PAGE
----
Dozens killed as suicide attack rocks Yemen Defense Ministry

At least 52 people killed in a car bomb and gun battle at a defense compound in the capital, Sanaa

Yemeni soldiers at the site of a blast in Sanaa after a car bomb attack at Yemen's Defense Ministry on Thursday.
Sinan Yiter/Anadolu Agency/Getty Images

Yemen's government said Thursday that 52 people were killed in a suicide car bombing and a subsequent attack by gunmen on the Defense Ministry in the capital, Sanaa.

A statement by the Supreme Security Commission, which is led by President Abd Rabbuh Mansur Hadi, said 167 people also have also been wounded in Thursday's attack, the deadliest in Sanaa in years.

The commission said the casualties included soldiers, staff at a military hospital inside the Defense Ministry's downtown complex and civilians. The Defense Ministry also said a relative of the president was among those killed.

No one claimed responsibility for the attack. But the U.S.-allied country has been grappling with a security threat by groups linked to Al-Qaeda, which have repeatedly attacked government officials and installations over the past two years.

On Friday, a report from the Yemen government stated that 12 militants, mostly Saudis, carried out the deadly attack, according to the Associated Press.

President Hadi later met with military commanders inside the devastated complex and ordered an investigation into the incident, military officials said.

The brazen morning attack underlined the ability of insurgents to strike at the heart of the government as they exploit the instability that has plagued the country for more than two years.

Yemen's Defence Minister Mohammed Nasser Ahmed was in Washington on Thursday for talks with US officials. American forces also have been training and arming Yemeni special forces, and exchanging intelligence with the central government. 

The Defense Ministry had earlier said that the attack targeted its hospital and that most of the gunmen had been killed or wounded.

"The attackers have exploited some construction work there to carry out this criminal act ... the situation is under control," the ministry said in a statement on its website Thursday morning.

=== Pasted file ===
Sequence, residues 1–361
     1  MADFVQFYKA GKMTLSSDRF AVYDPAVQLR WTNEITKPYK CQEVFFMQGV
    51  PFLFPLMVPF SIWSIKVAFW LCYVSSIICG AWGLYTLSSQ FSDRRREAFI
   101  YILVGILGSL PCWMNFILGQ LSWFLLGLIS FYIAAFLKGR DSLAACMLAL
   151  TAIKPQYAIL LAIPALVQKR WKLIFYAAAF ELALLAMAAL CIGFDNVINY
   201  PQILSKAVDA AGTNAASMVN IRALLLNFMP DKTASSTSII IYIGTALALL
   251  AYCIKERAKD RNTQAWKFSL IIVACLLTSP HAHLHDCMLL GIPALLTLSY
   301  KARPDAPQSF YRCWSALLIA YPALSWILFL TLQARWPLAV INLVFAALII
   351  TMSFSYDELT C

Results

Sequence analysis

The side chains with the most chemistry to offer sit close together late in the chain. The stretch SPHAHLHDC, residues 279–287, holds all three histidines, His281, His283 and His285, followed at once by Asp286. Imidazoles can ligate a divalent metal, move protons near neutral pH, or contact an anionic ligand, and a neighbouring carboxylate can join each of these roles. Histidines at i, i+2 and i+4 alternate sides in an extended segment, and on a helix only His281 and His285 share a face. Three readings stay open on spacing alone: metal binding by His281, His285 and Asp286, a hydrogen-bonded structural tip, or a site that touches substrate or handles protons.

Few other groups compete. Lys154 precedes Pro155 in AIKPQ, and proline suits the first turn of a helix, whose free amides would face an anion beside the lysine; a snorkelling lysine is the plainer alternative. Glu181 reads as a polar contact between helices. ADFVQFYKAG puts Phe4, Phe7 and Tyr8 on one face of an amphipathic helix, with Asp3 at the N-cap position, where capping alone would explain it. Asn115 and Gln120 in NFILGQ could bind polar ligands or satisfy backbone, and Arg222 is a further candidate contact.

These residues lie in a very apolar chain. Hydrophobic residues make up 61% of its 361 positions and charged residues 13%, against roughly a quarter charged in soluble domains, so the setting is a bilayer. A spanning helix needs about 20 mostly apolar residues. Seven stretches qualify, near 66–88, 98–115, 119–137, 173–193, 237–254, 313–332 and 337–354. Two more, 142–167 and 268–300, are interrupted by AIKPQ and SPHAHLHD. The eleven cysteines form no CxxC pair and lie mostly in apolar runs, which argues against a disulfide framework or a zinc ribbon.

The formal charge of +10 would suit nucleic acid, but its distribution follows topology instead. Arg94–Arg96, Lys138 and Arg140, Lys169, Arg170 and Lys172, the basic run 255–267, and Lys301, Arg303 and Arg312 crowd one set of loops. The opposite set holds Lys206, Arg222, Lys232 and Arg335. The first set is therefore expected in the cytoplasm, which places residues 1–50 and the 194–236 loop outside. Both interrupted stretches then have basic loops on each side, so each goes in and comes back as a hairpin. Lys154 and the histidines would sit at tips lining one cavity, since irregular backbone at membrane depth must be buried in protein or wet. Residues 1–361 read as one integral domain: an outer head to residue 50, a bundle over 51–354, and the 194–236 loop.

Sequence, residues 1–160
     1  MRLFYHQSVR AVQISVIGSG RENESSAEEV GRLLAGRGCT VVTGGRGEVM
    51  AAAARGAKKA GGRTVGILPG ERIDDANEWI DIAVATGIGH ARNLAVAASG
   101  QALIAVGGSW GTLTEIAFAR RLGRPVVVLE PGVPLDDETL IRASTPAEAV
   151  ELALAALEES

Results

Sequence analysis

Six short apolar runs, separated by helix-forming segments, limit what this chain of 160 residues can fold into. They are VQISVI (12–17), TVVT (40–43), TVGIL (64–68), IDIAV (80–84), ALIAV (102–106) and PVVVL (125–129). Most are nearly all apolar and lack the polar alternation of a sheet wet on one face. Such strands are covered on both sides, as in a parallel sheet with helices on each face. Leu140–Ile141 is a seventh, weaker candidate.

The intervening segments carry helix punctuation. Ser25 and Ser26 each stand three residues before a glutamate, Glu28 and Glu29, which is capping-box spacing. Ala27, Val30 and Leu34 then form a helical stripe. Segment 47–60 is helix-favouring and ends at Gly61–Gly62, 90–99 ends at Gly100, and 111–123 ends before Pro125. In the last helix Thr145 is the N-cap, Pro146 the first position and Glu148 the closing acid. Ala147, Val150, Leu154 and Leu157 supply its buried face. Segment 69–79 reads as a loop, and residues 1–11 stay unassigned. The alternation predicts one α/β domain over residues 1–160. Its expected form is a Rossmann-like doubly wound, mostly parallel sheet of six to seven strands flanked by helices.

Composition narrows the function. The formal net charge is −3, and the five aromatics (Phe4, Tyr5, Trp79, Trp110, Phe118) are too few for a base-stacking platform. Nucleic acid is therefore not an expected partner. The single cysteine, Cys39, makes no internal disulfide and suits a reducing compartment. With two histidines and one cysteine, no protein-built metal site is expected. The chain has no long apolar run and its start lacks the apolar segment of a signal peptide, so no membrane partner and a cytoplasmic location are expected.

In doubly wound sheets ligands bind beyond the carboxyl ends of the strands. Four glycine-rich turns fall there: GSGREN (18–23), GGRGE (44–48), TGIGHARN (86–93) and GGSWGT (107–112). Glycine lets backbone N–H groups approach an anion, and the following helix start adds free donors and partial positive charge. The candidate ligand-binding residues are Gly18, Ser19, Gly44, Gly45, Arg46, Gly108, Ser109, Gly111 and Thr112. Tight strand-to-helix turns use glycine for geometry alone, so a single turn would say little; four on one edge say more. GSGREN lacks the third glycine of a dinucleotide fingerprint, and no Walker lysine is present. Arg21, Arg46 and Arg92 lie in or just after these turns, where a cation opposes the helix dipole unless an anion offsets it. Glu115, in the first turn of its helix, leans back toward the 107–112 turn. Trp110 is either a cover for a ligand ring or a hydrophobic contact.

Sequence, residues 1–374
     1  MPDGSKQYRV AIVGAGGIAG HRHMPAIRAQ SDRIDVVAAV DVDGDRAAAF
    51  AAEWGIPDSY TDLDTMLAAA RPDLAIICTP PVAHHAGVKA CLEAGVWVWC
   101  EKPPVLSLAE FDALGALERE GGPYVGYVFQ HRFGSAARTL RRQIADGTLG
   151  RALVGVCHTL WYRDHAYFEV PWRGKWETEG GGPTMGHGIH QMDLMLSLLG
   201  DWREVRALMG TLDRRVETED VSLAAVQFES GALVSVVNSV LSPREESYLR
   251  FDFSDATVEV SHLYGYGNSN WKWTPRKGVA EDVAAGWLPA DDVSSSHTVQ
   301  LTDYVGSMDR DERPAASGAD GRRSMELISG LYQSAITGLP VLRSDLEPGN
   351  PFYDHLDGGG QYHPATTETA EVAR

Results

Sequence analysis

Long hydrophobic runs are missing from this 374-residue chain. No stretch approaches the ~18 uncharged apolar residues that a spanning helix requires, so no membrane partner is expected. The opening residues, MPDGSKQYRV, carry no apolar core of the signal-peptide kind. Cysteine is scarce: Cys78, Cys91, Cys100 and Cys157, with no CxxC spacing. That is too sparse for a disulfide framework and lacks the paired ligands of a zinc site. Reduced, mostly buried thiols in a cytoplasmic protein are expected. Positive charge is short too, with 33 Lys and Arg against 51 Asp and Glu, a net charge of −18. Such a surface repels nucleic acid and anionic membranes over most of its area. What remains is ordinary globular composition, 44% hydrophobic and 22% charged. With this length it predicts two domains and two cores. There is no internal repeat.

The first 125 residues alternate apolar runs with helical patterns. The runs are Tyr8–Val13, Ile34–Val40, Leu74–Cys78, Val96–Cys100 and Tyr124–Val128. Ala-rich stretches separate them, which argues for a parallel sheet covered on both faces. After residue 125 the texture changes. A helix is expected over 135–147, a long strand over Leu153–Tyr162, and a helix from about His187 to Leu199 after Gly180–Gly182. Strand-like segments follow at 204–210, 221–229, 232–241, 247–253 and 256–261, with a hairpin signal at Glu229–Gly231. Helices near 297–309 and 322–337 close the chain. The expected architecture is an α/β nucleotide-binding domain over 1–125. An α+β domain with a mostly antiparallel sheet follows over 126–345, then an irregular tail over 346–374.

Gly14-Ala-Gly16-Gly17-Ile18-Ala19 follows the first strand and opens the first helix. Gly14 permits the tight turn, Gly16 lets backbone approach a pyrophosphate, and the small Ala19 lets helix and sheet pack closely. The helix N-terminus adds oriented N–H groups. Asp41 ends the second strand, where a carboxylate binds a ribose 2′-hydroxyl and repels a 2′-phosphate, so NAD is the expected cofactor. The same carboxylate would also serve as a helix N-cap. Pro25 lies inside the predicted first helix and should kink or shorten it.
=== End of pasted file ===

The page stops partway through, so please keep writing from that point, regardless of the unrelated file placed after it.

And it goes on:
Witnesses said the explosion shook the compound in the old district of Sanaa, where the country's central bank is also located.

"The attack took place shortly after working hours started at the ministry, when a suicide bomber drove a car into the gate," the Defense Ministry sources said.

"The explosion was very violent, the whole place shook because of it, and plumes of smoke rose from the building," an employee who works in a nearby building told Reuters.

Ambulance sirens and gunshots were heard after the blast as soldiers exchanged fire with the gunmen — said to have been disguised in Yemeni army uniforms — who had stormed the compound.

The Yemeni Health Ministry appealed to citizens to donate blood to help save the wounded.

At least two sources inside the Defense Ministry said the attackers came in two vehicles. One was driven by a suicide bomber who attacked the gate of the compound, while armed men entered the compound in the second, the sources said. The ministry statement made no reference to a suicide attacker.

Attacks condemned

In a statement provided to Al Jazeera, State Department Spokesperson Marie Harf said the U.S. "condemned" the "senseless" killings.

"We stand with Yemen against this violence and remain firmly committed to supporting the Yemeni people as they seek to conclude the National Dialogue and move forward peacefully with Yemen's historic democratic transition," Harf said. 

U.K. Foreign Secretary William Hague also condemned the Yemen attack. 

"As the U.N. Security Council reiterated just last month, all those attempting to disrupt Yemen's political transition will face serious measures. In a region which has seen huge instability and violence, Yemen’s progress so far has been commendable and we must not allow this process to fail," he said.  

Political violence is common in Yemen, where an interim government is grappling with southern secessionists, Al-Qaeda-linked groups and northern Houthi fighters, as well as severe economic problems inherited from longtime President Ali Abdullah Saleh, who was forced out of office in 2011.

Armed groups were emboldened by a decline in government control over the country during protests that eventually ousted Saleh. They seized several southern cities before being driven out in 2012.

Al-Qaeda gunmen have killed hundreds of Yemeni soldiers and members of the security forces in a series of attacks since an offensive, which the United States has supported with intelligence and drones, drove them out of their strongholds.

In July of last year, an Al-Qaeda suicide bomber wearing a Yemeni army uniform killed more than 90 people rehearsing for a military parade in Sanaa.

Yemen's defense minister, Maj. Gen. Muhammad Nasir Ahmad, escaped a car bomb on his motorcade in September 2012 that killed at least 12 other people.

Al Jazeera and wire services

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